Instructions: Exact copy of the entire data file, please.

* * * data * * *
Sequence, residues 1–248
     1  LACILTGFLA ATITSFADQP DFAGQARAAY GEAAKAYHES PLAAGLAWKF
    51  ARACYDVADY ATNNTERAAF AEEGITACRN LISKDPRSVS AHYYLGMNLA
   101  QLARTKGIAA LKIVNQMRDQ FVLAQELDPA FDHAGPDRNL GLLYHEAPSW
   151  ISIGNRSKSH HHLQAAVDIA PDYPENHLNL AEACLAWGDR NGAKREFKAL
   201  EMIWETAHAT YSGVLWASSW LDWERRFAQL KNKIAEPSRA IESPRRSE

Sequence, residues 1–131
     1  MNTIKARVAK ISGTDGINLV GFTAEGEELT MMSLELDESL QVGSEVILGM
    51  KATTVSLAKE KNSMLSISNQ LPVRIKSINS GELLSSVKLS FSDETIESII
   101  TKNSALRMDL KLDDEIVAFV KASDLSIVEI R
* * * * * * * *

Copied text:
Sequence, residues 1–248
     1  LACILTGFLA ATITSFADQP DFAGQARAAY GEAAKAYHES PLAAGLAWKF
    51  ARACYDVADY ATNNTERAAF AEEGITACRN LISKDPRSVS AHYYLGMNLA
   101  QLARTKGIAA LKIVNQMRDQ FVLAQELDPA FDHAGPDRNL GLLYHEAPSW
   151  ISIGNRSKSH HHLQAAVDIA PDYPENHLNL AEACLAWGDR NGAKREFKAL
   201  EMIWETAHAT YSGVLWASSW LDWERRFAQL KNKIAEPSRA IESPRRSE

Sequence, residues 1–131
     1  MNTIKARVAK ISGTDGINLV GFTAEGEELT MMSLELDESL QVGSEVILGM
    51  KATTVSLAKE KNSMLSISNQ LPVRIKSINS GELLSSVKLS FSDETIESII
   101  TKNSALRMDL KLDDEIVAFV KASDLSIVEI R